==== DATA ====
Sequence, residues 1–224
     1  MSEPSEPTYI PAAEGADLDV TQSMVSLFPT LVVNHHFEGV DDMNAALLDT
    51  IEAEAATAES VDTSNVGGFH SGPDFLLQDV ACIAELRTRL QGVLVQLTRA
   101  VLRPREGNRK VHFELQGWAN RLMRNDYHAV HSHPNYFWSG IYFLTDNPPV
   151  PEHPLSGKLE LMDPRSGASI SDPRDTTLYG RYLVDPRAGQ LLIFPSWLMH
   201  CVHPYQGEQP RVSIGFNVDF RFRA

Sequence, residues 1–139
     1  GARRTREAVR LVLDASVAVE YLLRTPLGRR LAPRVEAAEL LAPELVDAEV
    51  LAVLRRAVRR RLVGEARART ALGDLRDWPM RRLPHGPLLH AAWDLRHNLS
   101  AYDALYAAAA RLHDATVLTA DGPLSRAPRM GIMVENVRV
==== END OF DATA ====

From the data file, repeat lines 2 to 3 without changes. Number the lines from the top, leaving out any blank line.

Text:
     1  MSEPSEPTYI PAAEGADLDV TQSMVSLFPT LVVNHHFEGV DDMNAALLDT
    51  IEAEAATAES VDTSNVGGFH SGPDFLLQDV ACIAELRTRL QGVLVQLTRA